Photo by Tim Mossholder on

The convergence of gender and politics has been an enduring fixture in public discourse, pre-dating (the women’s suffrage movement). the modern feminist movement. The politics of gender are more opaque than merely debating the gender wage gap. Since the mainstream acceptance of transgender people, the bifurcated distinction between males and females has become murky. This makes social issues related to gender much more complex. In this gust of normative creative destruction, it is possible that feminism in itself is an anachronism that clings onto an outmoded perception of gender.

One issue that has made gender politics more bewildering has been the focus on using the proper gender pronouns. Many American corporations recognize non-binary gender pronouns and encourage their employees to indicate their preferred pronouns in their email signatures. Not everyone has the time (the list is long), interest, or congenial worldview of non-binary people to learn or use the correct pronoun. However, are our social interactions (such as work) doomed to become a prisoner’s dilemma between transgender people and Conservatives? Will the grammar aficionados forever wince at referring to a single person with plural pronouns (they/them)? There is a positive-sum compromise between non-binary individuals and those predisposed to accept the binary model of gender identity; that is, use proper nouns only.

No need to remember a litany of confusing pronouns, use their first name. For example, Jim. Even if Jim looks like a sultry female model in a bikini, still refer to this individual by “Jim”. It doesn’t matter if their name was Tiffany last week, just proceed by calling them “Jim”. This individual cannot take issue with you addressing them by their preferred first name. It enables Canadian residents to circumvent the hideous assault on free speech that is Bill C-16; by not forcing people to use gender pronouns they disagree with for political or social reasons, but concurrently adhering to Canadian law. This suggestion should be considered a pragmatic compromise, not a commentary on non-binary gender identification.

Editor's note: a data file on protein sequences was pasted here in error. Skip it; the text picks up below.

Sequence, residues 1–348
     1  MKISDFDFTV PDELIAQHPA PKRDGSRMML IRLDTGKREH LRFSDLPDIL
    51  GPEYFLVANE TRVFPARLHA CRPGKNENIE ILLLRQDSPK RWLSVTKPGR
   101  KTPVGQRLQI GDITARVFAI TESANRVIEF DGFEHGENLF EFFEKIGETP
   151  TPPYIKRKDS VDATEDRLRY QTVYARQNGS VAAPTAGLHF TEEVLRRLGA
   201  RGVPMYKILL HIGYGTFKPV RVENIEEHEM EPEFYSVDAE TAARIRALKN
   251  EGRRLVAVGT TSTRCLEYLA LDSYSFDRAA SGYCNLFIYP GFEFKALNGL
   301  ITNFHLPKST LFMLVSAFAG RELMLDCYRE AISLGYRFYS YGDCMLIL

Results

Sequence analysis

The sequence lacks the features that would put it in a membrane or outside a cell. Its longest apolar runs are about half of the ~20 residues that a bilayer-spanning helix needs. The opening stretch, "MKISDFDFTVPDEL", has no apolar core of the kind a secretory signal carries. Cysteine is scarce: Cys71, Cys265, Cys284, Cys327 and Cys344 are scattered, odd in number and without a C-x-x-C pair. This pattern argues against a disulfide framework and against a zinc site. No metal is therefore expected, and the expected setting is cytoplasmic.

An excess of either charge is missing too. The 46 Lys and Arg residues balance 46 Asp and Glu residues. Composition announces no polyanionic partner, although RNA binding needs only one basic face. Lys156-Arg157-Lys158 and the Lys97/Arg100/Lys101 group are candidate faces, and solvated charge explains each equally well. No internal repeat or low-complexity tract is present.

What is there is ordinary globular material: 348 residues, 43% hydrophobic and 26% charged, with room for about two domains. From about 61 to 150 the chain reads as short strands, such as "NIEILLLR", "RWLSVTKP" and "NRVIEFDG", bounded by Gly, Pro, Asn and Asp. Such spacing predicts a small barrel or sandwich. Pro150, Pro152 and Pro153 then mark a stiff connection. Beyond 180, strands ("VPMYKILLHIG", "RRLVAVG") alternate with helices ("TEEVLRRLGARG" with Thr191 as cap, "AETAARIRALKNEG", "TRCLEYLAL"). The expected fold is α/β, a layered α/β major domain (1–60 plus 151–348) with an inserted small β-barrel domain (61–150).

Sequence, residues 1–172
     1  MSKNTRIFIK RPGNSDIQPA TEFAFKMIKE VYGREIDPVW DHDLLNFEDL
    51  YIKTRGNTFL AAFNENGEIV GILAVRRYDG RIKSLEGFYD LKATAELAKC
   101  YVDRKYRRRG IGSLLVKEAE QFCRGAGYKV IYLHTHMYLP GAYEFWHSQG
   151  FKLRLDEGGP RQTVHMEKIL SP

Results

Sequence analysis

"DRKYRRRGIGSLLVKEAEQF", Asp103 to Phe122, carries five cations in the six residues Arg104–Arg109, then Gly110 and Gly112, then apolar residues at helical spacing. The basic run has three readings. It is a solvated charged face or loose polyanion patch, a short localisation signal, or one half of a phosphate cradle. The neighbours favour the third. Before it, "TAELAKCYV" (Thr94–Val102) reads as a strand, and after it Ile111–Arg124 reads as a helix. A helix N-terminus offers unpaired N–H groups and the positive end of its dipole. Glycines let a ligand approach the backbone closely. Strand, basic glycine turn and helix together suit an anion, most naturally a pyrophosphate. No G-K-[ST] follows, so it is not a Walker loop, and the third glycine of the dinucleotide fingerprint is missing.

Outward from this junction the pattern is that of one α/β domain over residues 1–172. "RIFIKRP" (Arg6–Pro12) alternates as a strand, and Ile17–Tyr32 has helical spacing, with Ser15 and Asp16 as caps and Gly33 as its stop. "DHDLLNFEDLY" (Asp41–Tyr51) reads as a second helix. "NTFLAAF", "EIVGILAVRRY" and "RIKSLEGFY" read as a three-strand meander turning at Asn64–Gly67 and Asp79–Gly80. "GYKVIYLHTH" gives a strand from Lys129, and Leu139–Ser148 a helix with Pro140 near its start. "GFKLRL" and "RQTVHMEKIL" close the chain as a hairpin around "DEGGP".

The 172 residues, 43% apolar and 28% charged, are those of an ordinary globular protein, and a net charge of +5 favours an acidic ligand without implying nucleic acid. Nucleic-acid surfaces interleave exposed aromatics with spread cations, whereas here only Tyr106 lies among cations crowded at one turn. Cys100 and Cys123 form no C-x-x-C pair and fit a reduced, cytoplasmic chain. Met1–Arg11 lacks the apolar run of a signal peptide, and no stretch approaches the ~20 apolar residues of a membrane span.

9 thoughts on “The Pragmatic Solution to Gender Pronouns

  1. Also, would you say that the prevailing conservative argument on this front is that the presence of pronouns in our language is not without reason and that disposing of them would not be without consequence?

    Liked by 1 person

    1. That makes sense and seems to be a reasonable position. Language after all does imply order and structure; basic categories.

      I am thinking in terms of having to use one the newer pronouns when an individual thinks it is complete BS being required to do so.

      How do we diplomatically navigate this scenario?

      Especially in Canada where it is mandated by law.

      Liked by 1 person

  2. Okay, so let me clear this up :

    (1). There are those who prefer (insist[?]) to be referred to by pronouns that exist outside the traditional – but still dominant – binary gender framework.

    (2). There are those who, for various reasons – to say nothing about their motivations – refuse to adopt such pronouns when asked or required (as in Canada).

    Reasons have included :

    – the long-term dangers of having compelled speech laws

    – an increase in the cost of social processes, since learning more pronouns takes more time

    – all pronouns outside of the traditional binary gender framework are essentially gobbledygook

    (3). At this point your proposal to discard pronouns enters the scene. It seems practical and straightforward. But will it be welcomed?

    The pessimistic side of me is concerned that too much has already been invested in this fuss for it to end so smoothly.

    Liked by 1 person

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